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Zyxel B-220 Wireless USB Stick review: Zyxel B-220 Wireless USB Stick

Small, stylish, and secure, Zyxel's B-220 wireless USB stick is one of the best means we've seen to connect to a wireless network protected with 802.1x security. If you're a traveling professional who needs to hook into networks with industrial-strength security, the B-220 is an excellent choice.

Xiao Ming Wu
4 min read
Zyxel B-220 wireless USB stick
Editors' note: Zyxel has just issued a new beta driver for its B-220 USB wireless client adapter that is now publicly available via the "--="" rel="nofollow" target="_blank">&siteid=7&edid=&lop=txt&destcat=ex&destUrl=http%3A%2F%2Fwww%2Eus%2Ezyxel%2Ecom%2Fsupport%2Fdownload%2Ephp">Zyxel Web site. With added features, such as WPA support and new soft AP functionality, this upgrade promises to make the B-220 one of the most capable 802.11b USB adapters on the market.
Small, stylish, and secure, Zyxel's B-220 wireless USB stick is an eye-catching adapter and one of the best means we've seen to connect to a wireless network protected with 802.1x security. Its condensed size and support for ultrastrong security based on the 802.1x draft specification make it a great adapter for the traveling professional.
Setting up the B-220 is easy and takes only about five minutes. Unfortunately, there's no way for you to know how easy the setup is because there's no printed installation guide to walk you through the process. You're left to wonder whether to insert the B-220 into a USB port first or insert the CD into the optical drive. In fact, either process works. The CD that accompanies the B-220 bears a very good electronic installation guide, but to get to it, you have to cancel out of the installation routine, which automatically starts when you insert the CD. The installation guide recommends that you start with the driver installation, which is easier than any wireless USB adapter software installation we've seen so far, requiring you to do no more than click through a few onscreen prompts. Once the driver is loaded, insert the B-220, and you're on the air. The last step is to disable the Windows Zero Configuration Utility so that you can use the ZyAir Utility to control and configure the B-220 to take advantage of its full feature set. Both the electronic installation guide and the user guide offer detailed, illustrated instructions to do this.
The B-220 is among the smallest wireless USB adapters we've seen. Similar in size and shape to the Linksys WUSB12 and the Netgear MA111, the B-220 is about the size of a highlighter pen. However, Zyxel's USB stick supports 802.1x, an advanced security feature that you won't find in other compact USB adapters. This will make the B-220 especially interesting for those who need to connect to 802.1x-protected networks at work. The B-220 also supports WEP, a security standard often used in home and small-office networks. Unfortunately, it lacks support for WPA, a stronger security scheme that is overtaking WEP as the default standard. Later this month, however, Zyxel plans to have a driver upgrade that will add WPA support available on its Web site. The B-220 is WHQL certified, too, meaning that it should work flawlessly with Windows. It's also Wi-Fi certified, which guarantees interoperability with Wi-Fi devices from other vendors.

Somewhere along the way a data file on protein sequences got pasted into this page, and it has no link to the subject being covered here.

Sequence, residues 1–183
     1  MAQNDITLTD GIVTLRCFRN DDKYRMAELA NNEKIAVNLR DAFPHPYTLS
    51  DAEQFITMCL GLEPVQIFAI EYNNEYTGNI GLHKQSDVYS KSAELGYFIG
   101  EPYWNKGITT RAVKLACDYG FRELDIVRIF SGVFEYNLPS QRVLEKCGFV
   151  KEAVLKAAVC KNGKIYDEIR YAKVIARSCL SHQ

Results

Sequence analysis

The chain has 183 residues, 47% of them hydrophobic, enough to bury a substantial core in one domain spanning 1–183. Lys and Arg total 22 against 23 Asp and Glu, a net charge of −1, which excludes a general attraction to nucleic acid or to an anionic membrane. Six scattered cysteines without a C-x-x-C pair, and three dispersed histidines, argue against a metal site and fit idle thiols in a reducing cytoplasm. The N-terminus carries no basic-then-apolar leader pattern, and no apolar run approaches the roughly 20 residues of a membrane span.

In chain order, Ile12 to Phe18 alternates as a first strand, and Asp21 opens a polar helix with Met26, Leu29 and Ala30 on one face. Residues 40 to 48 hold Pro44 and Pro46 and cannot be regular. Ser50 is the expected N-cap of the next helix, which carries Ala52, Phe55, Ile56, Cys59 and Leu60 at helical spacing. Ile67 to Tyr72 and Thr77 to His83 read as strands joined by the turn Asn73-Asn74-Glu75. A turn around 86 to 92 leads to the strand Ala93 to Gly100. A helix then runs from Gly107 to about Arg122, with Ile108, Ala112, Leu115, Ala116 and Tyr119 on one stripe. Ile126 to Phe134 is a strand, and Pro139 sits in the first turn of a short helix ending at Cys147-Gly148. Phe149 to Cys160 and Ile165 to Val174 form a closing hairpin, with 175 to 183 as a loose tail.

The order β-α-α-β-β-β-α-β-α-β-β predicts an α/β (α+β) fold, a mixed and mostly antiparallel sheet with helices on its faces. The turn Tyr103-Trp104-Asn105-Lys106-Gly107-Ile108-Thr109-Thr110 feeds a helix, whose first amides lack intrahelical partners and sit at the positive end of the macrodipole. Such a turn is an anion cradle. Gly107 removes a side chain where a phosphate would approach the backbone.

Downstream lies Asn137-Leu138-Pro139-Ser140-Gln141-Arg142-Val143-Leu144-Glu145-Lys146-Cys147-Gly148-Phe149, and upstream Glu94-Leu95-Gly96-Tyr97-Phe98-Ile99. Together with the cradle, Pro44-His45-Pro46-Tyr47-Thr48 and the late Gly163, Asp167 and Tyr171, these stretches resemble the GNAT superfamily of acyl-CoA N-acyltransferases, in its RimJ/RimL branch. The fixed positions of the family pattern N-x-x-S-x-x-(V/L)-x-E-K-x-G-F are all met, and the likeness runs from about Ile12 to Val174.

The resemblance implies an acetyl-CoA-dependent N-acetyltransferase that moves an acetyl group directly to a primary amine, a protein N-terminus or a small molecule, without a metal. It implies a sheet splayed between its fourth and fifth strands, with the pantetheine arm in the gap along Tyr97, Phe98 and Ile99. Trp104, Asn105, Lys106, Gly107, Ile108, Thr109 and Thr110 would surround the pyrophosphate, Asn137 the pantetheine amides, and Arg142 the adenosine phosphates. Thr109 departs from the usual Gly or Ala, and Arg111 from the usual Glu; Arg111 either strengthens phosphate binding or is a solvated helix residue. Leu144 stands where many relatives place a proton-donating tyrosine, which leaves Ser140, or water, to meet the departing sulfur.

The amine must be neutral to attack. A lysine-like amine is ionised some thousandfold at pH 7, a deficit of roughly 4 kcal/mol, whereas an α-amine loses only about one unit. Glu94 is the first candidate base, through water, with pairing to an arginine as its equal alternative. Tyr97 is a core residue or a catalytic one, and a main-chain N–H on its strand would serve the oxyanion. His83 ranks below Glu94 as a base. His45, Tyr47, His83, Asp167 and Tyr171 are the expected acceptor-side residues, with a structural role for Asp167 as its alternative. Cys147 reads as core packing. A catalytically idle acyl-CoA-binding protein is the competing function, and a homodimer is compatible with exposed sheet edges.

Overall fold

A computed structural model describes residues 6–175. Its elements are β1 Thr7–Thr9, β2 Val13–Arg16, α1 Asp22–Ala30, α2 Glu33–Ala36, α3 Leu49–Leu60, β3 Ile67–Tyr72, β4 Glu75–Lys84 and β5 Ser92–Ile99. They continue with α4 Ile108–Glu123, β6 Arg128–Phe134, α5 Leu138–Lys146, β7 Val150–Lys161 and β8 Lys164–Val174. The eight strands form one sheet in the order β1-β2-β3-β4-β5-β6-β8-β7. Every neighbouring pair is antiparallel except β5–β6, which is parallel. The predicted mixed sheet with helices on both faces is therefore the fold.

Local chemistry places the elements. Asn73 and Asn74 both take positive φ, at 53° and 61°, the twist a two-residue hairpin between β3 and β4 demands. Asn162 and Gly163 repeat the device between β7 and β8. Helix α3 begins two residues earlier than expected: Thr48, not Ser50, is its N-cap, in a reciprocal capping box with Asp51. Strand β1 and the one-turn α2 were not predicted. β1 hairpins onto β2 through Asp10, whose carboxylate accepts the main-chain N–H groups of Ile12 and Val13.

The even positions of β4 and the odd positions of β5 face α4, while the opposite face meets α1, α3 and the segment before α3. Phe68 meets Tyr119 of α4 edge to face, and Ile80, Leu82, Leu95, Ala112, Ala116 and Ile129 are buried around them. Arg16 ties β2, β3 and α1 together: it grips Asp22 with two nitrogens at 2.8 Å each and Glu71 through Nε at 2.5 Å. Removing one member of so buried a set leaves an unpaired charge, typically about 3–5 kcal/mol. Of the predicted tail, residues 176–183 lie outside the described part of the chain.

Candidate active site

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The B-220's USB extension cord helps you position the adapter and increase its range. A light-blue carrying case protects the adapter when you're on the road.

At close range, the B-220 cranks out a maximum throughput of more than 5Mbps. That's more real throughput than you'll get from standard residential broadband service, so the B-220 offers more speed than you need for Internet-based tasks, such as surfing or downloading files from remote servers. Adapters based on 802.11g are several times faster than the 802.11b-based B-220, but only users who transfer large files across their local network would ever experience the difference.
Despite its diminutive size, the B-220 was capable of maintaining a connection at a distance of almost 200 feet from our test access point, the Zyxel G-1000. That's a decent showing for a compact USB adapter, but it's weaker than the 250 feet offered by the Linksys WUSB12.
CNET Labs throughput tests  (Longer bars indicate better performance)
Throughput in Mbps  
Ashton Digital wireless USB stick
Zyxel B-220 wireless USB stick
Linksys WUSB12
SpeedStream wireless USB adapter

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Zyxel offers a one-year warranty on the B-220, which is on a par with the coverage for similar products, such as the Netgear MA111 and the Linksys WUSB12. You don't get printed user documentation with the USB stick, but the CD that accompanies the adapter contains electronic versions of a user guide and a quick-installation guide. With its 51 pages, the user guide is one of the most complete we've seen for an adapter, and it explains many of the more-esoteric features of 802.11 networking. You also get a separate 34-page electronic user guide for the B-220's Aegis Client software, which allows the adapter to take advantage of strong security based on the "--="" rel="nofollow" target="_blank">&siteid=7&edid=&lop=txt&destcat=ex_1&destUrl=http%3A%2F%2Fsearchnetworking%2Etechtarget%2Ecom%2FsDefinition%2F0%2C%2Csid7%5Fgci787174%2C00%2Ehtml">802.1x draft specification. Toll-free phone support is available 24/7 for the B-220, or you can e-mail a support tech through the Zyxel Web site.
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